She makes her way to the locker room, and nobody greets her. She thinks that maybe the girls in Coach Dietch’s office are the friendlier girls, the ones who would normally greet her. She also notices that everyone seems to have short hair, and determines that she is not going to cut her hair, not even for tennis. She doesn’t linger in the doorway, but makes her way to her locker, swinging her racket and apparently not looking at anyone else? I dunno, Nicki, it doesn’t seem like you’re acting very friendly or approachable to them, either.
The three girls in the office come out to the locker room and head for Nicki, and she thinks that these must be the friendly girls coming to greet her. Yeah, you know that scene in Elf where Will Ferrell thinks he’s going to get a hug from the raccoon? It goes kind of like that.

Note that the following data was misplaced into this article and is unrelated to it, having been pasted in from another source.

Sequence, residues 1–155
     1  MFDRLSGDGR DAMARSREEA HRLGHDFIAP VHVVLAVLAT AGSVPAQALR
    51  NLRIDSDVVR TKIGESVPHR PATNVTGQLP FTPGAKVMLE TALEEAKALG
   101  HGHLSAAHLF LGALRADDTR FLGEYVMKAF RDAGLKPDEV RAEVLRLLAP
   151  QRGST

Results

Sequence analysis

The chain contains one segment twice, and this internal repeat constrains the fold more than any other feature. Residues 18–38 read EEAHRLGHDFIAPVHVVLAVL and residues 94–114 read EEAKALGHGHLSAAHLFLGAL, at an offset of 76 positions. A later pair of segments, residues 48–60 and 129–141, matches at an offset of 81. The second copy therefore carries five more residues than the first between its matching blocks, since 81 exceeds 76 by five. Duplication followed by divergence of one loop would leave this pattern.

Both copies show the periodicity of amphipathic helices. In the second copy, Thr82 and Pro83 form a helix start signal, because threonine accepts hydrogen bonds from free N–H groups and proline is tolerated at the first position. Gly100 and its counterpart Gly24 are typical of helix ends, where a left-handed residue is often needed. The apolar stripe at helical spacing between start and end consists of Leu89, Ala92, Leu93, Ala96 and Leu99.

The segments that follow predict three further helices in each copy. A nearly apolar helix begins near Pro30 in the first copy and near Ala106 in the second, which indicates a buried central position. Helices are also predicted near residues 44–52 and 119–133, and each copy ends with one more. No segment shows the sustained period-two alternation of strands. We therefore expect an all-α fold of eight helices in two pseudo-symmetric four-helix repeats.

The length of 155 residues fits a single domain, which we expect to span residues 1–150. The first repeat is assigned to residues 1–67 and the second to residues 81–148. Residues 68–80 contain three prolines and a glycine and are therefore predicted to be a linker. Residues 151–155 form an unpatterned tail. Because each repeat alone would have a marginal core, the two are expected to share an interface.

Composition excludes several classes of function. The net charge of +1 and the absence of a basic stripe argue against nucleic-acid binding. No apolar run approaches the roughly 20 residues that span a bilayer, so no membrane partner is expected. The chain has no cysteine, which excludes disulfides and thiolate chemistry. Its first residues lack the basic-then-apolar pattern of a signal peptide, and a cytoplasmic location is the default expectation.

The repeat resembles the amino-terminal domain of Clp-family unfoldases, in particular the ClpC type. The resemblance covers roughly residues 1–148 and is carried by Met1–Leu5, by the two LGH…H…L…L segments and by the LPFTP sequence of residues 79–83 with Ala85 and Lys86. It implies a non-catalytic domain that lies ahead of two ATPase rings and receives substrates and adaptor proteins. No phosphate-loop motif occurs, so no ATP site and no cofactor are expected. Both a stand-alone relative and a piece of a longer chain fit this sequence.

A tall girl with ash-blonde hair and green eyes tells Nicki that she supposes Nicki thinks she’s pretty hot stuff. She’s read about her; Nicki is just a small town champion from the sticks who’s never had real competition. Until you’ve played a Californian, you’ve never really played tennis. Then the girl smiles coldly and introduces herself as Libby DeVoe – Nicki’s probably read about her, too, California Junior Champion two years in a row.
Not wanting to give in to this “don’t you know who I am” Karen behavior, Nicki replies that nope, she’s never heard of her.